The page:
Protecting Trade Secret in the Digital Age

by | Mar 26, 2023 | Legal business and data Protection

Protecting a trade secret has become more challenging in today’s digital age. With the widespread use of digital technologies and the ease of sharing information online, trade secrets are at a greater risk of being compromised than ever before.

Trade secrets are valuable assets for businesses, providing them a competitive advantage and enabling them to differentiate themselves in the marketplace. As such, companies must take steps to safeguard their trade secrets from unauthorized access, use, or disclosure. Understanding the importance of protecting trade secrets in the digital age is critical for businesses of all sizes and industries.

Trade secrets are vital because they protect other forms of intellectual property. While patents protect novel inventions, copyrights protect expression, and trademarks protect brands, trade secrets protect all these rights and do more. This article will explore some key reasons why companies should protect their trade secrets in the digital age and provide practical tips and takeaways for safeguarding these valuable assets.


Due to its uniqueness, a precise and widely accepted definition of a trade secret is unavailable. In the European Union (EU), trade secrets are protected under the Trade Secrets Directive (2016/943/EU), adopted on June 8, 2016, and became effective on June 9, 2018. The Directive sets out minimum standards for protecting trade secrets throughout the EU.

Before the Directive was introduced, the EU had no uniform law protecting trade secrets.

Hence,  Member States introduced laws at the national level to protect trade secrets and prosecute them in case of a breach.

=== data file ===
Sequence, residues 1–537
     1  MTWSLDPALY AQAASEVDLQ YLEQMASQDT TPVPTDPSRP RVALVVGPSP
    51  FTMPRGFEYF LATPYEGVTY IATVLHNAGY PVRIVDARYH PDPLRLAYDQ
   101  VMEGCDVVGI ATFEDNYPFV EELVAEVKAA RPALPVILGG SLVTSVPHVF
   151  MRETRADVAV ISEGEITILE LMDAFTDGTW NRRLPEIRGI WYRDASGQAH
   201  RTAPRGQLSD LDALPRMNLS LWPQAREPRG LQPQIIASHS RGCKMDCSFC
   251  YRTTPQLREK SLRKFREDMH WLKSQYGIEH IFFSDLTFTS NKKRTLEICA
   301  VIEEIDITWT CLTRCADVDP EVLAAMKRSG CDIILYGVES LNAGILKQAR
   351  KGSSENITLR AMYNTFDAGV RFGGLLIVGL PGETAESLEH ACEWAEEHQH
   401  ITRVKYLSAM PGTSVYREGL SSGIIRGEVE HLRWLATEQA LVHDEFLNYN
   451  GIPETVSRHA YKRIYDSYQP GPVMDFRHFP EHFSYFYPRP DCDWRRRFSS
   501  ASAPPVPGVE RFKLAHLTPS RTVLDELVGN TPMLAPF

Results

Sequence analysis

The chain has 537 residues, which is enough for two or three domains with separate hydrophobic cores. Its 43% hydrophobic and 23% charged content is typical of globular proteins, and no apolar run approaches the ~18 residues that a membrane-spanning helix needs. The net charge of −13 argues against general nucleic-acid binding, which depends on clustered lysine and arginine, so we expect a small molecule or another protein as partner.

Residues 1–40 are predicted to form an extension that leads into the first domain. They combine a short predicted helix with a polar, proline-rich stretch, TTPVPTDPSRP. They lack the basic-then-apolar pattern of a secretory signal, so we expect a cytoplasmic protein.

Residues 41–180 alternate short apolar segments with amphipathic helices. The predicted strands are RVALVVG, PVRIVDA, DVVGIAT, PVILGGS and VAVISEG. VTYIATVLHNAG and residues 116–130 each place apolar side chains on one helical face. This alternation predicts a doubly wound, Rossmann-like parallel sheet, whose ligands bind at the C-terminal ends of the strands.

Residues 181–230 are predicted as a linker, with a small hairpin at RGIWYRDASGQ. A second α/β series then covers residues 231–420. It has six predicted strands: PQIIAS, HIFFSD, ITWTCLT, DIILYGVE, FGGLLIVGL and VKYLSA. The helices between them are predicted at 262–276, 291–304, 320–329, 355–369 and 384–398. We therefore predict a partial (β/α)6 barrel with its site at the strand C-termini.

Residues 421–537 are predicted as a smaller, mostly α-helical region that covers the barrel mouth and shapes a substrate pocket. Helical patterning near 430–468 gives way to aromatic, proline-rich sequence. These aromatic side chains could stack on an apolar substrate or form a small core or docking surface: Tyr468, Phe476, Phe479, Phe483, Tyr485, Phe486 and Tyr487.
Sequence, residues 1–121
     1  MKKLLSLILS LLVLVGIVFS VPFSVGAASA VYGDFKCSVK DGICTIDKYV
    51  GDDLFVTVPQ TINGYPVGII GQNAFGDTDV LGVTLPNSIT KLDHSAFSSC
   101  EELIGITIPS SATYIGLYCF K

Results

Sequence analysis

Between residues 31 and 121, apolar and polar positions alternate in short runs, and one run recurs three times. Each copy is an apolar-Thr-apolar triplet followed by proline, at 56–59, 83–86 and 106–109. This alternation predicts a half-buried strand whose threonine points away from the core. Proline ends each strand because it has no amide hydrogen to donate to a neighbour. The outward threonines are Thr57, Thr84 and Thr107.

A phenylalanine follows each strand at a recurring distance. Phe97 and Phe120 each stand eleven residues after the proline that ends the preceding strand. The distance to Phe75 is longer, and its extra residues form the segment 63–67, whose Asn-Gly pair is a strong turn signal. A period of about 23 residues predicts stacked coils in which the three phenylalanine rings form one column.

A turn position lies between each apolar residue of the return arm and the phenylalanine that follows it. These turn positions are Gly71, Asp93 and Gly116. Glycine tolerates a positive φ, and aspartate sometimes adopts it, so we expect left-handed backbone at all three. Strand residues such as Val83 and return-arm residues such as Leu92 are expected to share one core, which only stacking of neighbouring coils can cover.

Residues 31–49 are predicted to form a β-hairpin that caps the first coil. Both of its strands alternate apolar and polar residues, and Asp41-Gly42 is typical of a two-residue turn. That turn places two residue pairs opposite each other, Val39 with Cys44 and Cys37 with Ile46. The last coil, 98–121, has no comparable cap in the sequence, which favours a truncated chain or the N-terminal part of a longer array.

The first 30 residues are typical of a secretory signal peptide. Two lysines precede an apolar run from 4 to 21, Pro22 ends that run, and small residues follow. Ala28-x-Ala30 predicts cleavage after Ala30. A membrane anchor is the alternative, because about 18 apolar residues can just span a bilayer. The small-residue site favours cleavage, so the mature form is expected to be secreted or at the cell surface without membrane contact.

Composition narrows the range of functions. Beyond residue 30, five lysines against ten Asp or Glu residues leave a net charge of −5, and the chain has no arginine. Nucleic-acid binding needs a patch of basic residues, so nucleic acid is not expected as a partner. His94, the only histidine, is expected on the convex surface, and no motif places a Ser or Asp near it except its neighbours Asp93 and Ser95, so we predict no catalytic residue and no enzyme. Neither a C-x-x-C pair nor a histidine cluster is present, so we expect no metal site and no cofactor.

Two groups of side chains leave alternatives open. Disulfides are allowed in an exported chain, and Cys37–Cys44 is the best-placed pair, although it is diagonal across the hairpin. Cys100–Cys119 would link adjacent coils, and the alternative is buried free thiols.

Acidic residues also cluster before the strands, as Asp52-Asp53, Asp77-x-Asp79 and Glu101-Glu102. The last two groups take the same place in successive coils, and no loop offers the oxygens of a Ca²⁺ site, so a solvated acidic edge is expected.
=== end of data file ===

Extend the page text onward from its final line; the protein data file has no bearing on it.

Therefore, the objective of the EU Directive was to guarantee uniformity in the protection of trade secrets across all Member States, where a range of civil and criminal laws previously provided varying levels of security. However, as mentioned here, uniformity does not imply total harmonization; instead, it is of a minimalist nature. What this means is Member States may, in compliance with the Treaty on the Functioning of the European Union (TFEU) provisions, provide for more far-reaching protection against the unlawful acquisition, use or disclosure of trade secrets than that required by this Directive.

Under Article 2 of the Trade Secrets Directive, a trade secret is defined as any information that meets all of the following requirements:

It is secret because it is not generally known or readily accessible to persons within the circles that typically deal with that kind of information.

It has commercial value because it is secret.

It has been subject to reasonable steps under the circumstances by the person lawfully controlling the information to keep it secret.

    The definition of a trade secret is borrowed from Article 39 of the TRIPS Agreement. Trade Related Aspects of Intellectual Property (TRIPS) provide legal protection for trade secrets as a form of intellectual property. It requires member countries to ensure that their domestic laws protect trade secrets against unauthorized acquisition, use and disclosure. Member countries must also provide civil and criminal remedies for the unlawful acquisition, use and disclosure of trade secrets.


    The trade secrets of any business serve as strategic and valuable assets. Protecting these trade secrets is, therefore, crucial for businesses.

    First, trade secrets give a company a competitive advantage over its rivals by providing valuable information that is not publicly available. These trade secrets may be an end product of significant investments in research and development, and protecting them helps to ensure that businesses can recoup those investments.

    Also, trade secrets can include sensitive information, such as customer lists or pricing strategies, which could harm a company’s reputation or customer relationships if made public. Furthermore, trade secrets may be a critical factor in a company’s ability to secure funding from investors or lenders, as they can demonstrate the potential for future profits.

    To sum up the importance of trade secrets, trade secrets are valuable IPs that businesses can leverage in negotiations. Examples of trade secrets include but are not limited to, the following: algorithms, inventions, data of failed experiments, business strategies, your customer lists, patents that have not been published etc. Therefore, protecting these secrets is essential for maintaining a company’s competitiveness, profitability, and overall success.